- The story - Good storytelling and leadership go hand in hand. I’m not talking about fairytales here, I mean the ability to authentically and eloquently articulate a point of view or position that will persuade, engage and influence an audience. So, who are you? What’s your pitch and can you talk about it! Non-executive directors are the leaders of leaders and your role is not to manage the business - it's to ensure its being managed well, so knowing how your experience and relevance will be useful to a board is important. My tip - write it down and practice saying it. Get comfortable with how vulnerable you feel talking about who you are and why you want to be on a board.
- The network - curating a group of folk who you can call upon for support and recommendations is a key part of success at any level, but it's particularly so amongst boards. Boards are different from executive teams in that they have a joint accountability (and in the worst case, liability) for the decision they make, so traits like honesty, trust, integrity, openness and self awareness are highly valued in the boardroom. Social media presence is also important and I would rank Linkedin ahead of any other business based platform. Not only does it provide you with a profile, it also allows others to gain insights into who you are and how you think about the world.
- The why - In the words of Simon Sinek, you probably understand what you do and how you do it, but do you understand why? As you embark on your portfolio career, you will need to assess which boards you can add value to with a deeper scrutiny than you may have done with previous executive roles. Investing time to consider the types of boards you want to work with and why will be essential when meeting with prospective chairs and NEDs. As a board member, your self awareness and emotional intelligence will be powerful assets as you navigate the boardroom and be prepared to do your own due diligence to understand the risk appetites and decision making styles of your fellow board members before agreeing to join.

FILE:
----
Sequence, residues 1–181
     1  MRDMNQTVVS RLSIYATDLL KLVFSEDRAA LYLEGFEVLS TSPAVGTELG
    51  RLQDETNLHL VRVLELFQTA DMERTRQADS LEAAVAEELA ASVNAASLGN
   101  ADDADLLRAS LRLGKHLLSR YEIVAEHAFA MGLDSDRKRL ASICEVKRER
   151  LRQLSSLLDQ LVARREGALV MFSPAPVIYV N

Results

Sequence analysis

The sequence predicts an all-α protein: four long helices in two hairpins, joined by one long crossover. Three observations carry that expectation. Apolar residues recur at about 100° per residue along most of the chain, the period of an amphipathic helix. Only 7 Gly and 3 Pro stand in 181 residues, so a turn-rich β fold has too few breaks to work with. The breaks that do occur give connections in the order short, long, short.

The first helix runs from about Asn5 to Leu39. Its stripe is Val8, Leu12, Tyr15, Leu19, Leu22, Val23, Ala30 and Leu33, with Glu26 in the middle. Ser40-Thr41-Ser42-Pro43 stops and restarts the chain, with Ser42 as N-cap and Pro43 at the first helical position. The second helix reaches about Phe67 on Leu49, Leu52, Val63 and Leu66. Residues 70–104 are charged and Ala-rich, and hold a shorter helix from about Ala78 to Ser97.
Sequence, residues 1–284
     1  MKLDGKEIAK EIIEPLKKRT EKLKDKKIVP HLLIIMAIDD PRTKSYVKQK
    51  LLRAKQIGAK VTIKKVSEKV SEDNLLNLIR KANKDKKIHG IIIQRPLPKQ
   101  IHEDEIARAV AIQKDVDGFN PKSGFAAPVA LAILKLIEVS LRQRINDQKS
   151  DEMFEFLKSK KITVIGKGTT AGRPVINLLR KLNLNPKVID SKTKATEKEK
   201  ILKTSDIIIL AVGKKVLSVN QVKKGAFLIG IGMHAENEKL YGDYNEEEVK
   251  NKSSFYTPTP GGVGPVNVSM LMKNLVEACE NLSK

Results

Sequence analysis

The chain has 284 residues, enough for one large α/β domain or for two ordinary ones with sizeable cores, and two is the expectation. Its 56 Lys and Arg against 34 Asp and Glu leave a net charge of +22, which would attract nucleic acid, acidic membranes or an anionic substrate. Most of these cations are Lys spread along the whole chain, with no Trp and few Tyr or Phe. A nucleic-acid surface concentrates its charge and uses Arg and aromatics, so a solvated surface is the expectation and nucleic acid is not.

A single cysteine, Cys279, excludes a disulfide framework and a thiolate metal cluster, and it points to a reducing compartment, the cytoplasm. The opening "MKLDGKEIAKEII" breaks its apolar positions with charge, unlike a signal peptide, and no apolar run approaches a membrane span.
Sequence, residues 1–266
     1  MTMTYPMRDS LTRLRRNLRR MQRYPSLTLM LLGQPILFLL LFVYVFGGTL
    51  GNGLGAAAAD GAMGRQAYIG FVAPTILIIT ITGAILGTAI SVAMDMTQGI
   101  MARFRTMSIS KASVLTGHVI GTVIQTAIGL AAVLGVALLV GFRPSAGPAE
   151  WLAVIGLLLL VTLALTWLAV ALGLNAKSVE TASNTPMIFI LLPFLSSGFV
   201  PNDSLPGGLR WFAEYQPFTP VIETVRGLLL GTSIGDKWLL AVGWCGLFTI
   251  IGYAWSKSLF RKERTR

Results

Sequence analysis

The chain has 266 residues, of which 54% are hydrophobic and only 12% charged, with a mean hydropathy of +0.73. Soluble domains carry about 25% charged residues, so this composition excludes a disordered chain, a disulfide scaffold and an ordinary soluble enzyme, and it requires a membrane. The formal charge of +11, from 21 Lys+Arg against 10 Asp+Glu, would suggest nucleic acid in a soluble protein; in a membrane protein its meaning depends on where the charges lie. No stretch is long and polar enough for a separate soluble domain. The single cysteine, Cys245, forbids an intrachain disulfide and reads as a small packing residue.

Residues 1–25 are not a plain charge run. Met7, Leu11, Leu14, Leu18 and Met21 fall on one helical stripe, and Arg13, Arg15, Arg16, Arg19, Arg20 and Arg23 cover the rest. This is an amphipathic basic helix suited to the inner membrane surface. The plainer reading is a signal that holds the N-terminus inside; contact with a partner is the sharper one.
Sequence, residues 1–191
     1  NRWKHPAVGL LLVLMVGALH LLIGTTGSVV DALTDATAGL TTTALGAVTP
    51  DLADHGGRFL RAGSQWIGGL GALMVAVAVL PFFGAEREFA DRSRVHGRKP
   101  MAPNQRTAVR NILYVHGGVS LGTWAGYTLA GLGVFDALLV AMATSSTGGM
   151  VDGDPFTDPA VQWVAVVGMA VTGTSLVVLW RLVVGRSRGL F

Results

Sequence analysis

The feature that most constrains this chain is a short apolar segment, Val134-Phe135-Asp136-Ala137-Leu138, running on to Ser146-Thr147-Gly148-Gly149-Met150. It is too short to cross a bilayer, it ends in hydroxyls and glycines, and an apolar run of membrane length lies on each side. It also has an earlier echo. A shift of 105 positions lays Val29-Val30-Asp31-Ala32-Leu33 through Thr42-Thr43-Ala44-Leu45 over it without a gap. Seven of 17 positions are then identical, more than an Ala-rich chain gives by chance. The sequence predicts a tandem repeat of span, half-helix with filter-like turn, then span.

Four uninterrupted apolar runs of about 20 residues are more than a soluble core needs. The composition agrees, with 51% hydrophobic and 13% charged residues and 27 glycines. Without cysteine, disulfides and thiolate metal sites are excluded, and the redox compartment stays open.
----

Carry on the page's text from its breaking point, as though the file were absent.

- Being effective - We are in the era of the stakeholder economy where increasingly external stakeholders are influencing strategy and decision making within the organisation. As a result, your effectiveness as a board member of a listed company is under more scrutiny than ever before and the decisions you collectively make can have long lasting effects - both good and bad. Executing your fiduciary responsibility effectively requires a blend of good decision making, self awareness and curiosity - and being curious requires you to be a bit vulnerable. Knowing you don’t have all the answers but actively learning and responding to new information requires you to embrace the challenges of potentially being wrong.
- Be realistic - In reality, you are unlikely to join a board on a listed company without having been a CEO or having C-suite level experience unless you have a proven track record with the Chair who recommends you. If this is your circumstance, think about advisory boards, government/sports/arts boards, NFP’s or public unlisted companies as alternate pathways to ASX listed companies.
One last piece of advice - undertake the AICD course. Not only will it give you a great basis in understanding the role of a board member, but it will also introduce you to a new network of peers who can help you on your journey. The AICD is also a great resource for board members to keep their skills current.